Sat, 16 Nov 2019

Saudi Arabia says 25 drones and missiles struck its oil infrastructure

By Jay Jackson, New Mexico State News.Net
20 Sep 2019, 06:36 GMT+10

RIYADH, Saudi Arabia - The government of Saudi Arabia says the attacks on its Saudi Aramco oil infrastructure on Saturday came from the north.

A spokesman for the Saudi Ministry of Defense said the attack was unquestionably "supported" by Iran.

Although the only person to directly accuse Iran of being behind the attacks, Secretary Mike Pompeo, others have hinted Iran was responsible.

The Saudi ministry on Wednesday went close to outright claiming Iran was the perpetrator, displaying wreckage of drones and missiles which they said was of Iranian origin.

"The recent attack against Saudi Aramco was not only against the Kingdom, but against the international community as a whole, and was a deliberate attempt to disrupt the global economy. This attack is against international law. Therefore, they should be held accountable. Iran's aggression and support for terrorist groups in maritime trade routes pose a common threat to us. We call on the international community to recognize Iran's sabotage practices in the region and its responsibility for the recent attacks on the world's most important energy site for the international community," defense ministry spokesman Col. Turki Al-Maliki told a news conference in Riyadh on Wednesday.

"I will focus on two main parts of our findings regarding the initial investigations with the partners. First, this attack was not carried out from Yemen as the Houthis claimed. Second, this attack is originated from the north and undoubtedly was supported by Iran. All the evidence, in our presentation before you, leaves no doubt about the Iranian role in the sabotage," he said.

"Through these components, the date of manufacturing is in 2019. We know that the Iranian Revolutionary Guard has announced in last February that they owned the latest version of cruise missiles. This is the model of the missiles,"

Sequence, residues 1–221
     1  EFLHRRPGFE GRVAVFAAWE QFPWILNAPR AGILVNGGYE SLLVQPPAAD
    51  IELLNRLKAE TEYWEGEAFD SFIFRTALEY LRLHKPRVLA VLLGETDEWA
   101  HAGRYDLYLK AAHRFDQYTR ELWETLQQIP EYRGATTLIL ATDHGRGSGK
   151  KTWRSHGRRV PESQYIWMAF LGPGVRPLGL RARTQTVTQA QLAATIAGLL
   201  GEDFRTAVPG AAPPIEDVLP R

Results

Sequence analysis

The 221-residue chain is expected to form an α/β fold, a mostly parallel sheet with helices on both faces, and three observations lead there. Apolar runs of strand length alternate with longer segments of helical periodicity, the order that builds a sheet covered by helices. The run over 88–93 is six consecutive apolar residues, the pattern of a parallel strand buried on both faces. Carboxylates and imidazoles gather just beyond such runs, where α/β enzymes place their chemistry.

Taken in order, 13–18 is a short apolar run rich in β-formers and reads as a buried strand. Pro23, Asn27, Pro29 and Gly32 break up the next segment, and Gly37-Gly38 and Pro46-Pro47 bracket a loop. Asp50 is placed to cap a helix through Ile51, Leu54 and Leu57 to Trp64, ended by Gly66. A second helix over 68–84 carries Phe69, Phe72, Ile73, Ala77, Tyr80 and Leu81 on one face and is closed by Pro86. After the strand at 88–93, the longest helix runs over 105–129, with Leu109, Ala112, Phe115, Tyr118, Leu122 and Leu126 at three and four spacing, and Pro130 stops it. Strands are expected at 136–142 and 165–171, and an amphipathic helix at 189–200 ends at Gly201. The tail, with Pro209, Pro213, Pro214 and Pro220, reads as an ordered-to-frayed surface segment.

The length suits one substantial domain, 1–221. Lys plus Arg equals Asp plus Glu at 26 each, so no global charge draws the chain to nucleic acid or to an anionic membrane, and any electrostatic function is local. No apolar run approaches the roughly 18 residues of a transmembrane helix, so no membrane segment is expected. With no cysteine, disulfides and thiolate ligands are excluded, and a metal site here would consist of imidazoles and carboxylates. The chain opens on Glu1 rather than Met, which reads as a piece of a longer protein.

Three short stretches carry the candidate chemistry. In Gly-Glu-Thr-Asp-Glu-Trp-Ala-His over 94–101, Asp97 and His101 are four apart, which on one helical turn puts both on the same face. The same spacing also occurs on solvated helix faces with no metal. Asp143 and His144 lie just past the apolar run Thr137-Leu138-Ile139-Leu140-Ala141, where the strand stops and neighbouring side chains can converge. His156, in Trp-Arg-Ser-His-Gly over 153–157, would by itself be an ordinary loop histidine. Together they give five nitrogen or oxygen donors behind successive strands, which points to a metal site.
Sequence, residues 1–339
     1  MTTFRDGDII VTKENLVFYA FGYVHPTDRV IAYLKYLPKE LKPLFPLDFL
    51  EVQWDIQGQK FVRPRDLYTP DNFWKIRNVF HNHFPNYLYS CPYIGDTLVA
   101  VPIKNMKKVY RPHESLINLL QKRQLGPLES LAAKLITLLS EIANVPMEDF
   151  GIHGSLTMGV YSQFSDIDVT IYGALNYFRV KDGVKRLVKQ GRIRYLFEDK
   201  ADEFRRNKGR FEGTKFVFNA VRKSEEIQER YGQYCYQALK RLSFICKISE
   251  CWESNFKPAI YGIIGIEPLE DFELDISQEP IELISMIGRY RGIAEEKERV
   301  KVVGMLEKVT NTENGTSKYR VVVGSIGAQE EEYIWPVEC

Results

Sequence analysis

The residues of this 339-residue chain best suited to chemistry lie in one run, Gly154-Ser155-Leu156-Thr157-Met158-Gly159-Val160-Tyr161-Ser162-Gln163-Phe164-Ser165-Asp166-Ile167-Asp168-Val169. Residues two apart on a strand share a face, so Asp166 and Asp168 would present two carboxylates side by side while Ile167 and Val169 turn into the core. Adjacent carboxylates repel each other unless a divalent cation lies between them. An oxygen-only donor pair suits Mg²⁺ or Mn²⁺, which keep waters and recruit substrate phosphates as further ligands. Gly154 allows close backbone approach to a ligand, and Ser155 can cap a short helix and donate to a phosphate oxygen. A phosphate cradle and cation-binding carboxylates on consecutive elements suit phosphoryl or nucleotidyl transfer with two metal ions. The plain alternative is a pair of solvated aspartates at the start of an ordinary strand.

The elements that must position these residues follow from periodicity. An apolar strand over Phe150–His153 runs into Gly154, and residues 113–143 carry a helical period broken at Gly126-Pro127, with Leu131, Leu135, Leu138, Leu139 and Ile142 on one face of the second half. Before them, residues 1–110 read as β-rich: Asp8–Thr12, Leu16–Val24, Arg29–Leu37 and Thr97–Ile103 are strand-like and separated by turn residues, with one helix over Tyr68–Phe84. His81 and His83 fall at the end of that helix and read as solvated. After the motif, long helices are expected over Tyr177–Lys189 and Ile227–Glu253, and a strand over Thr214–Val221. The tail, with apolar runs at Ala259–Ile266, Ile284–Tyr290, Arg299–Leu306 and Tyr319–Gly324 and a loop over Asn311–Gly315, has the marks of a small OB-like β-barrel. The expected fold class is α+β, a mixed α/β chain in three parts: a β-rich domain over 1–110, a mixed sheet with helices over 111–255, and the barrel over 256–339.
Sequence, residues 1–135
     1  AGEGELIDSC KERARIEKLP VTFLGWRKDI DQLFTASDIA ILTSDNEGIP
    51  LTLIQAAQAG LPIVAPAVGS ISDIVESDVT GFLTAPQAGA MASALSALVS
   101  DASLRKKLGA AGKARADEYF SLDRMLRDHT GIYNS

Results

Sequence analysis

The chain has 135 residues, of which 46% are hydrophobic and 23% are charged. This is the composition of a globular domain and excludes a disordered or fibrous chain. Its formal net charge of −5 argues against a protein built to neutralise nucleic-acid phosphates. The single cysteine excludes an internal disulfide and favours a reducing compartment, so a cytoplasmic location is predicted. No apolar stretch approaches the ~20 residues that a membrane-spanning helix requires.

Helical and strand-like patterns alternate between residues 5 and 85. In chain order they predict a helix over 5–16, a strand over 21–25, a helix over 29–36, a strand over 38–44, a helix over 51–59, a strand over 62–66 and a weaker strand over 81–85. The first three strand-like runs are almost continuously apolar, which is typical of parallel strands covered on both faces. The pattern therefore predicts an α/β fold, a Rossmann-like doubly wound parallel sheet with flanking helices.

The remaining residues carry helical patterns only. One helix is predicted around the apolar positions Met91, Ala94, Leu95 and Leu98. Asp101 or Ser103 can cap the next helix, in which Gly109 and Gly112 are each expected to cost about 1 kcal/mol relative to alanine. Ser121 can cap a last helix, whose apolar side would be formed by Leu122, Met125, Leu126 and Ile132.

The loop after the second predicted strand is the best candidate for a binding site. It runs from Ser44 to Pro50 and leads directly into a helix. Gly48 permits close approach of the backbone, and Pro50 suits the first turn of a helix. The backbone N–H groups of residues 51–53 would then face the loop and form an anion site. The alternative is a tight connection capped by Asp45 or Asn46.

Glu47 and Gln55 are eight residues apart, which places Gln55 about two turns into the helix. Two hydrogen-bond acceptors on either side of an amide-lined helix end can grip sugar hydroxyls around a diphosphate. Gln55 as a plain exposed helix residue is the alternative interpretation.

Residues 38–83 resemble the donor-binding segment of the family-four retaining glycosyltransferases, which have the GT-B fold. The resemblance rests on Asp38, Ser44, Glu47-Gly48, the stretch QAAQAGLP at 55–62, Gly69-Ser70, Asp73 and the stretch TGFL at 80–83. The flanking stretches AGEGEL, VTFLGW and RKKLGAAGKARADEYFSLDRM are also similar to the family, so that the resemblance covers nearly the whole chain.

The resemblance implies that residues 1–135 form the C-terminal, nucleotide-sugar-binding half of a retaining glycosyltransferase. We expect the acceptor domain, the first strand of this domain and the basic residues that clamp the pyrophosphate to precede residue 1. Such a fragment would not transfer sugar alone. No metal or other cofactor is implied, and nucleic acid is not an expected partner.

"All information and findings, that we have and retrieved from the site, refer to the quality developed by the Iranian regime to obtain these weapons for use against the infrastructure in the Kingdom of Saudi Arabia. These are some parts used in the attack with three missiles failing to make their targets. They were heading from north to south. We have retrieved all three missiles except one. We are working on them because they contain explosives," Al-Malki said.

The spokesman added that "this is another cruise missile out of the three. We have information that the total number of drones and missiles used in the attack amounted to 25 drones and cruise missiles."

"This attack was systematic to destroy the infrastructure. The drones and missiles used in the attack show a qualitative and similar capacity to what have been used in Afif and Dawadmi. So, they could not have been launched from Yemen as claimed by Iranian proxies. They are not the people of Yemen, but people who are loyal to the Iranian regime who take their orders from the Iranian regime and the Iranian Revolutionary Guard," Al-Malki said.

Also on Wednesday an official source at the defense ministry on Wednesday confirmed that Saudi Arabia has joined the International Maritime Security Construct.

The aim of the international alliance is to protect merchant ships and ensure safe navigation in the Strait of Hormuz, Bab al-Mandab, Sea of Oman and the Arabian Gulf.

Saudi Arabia said it was joining the alliance in order to help ensure global energy security and the continued flow of energy supplies to the global economy, and to contribute to maintain international peace and security.

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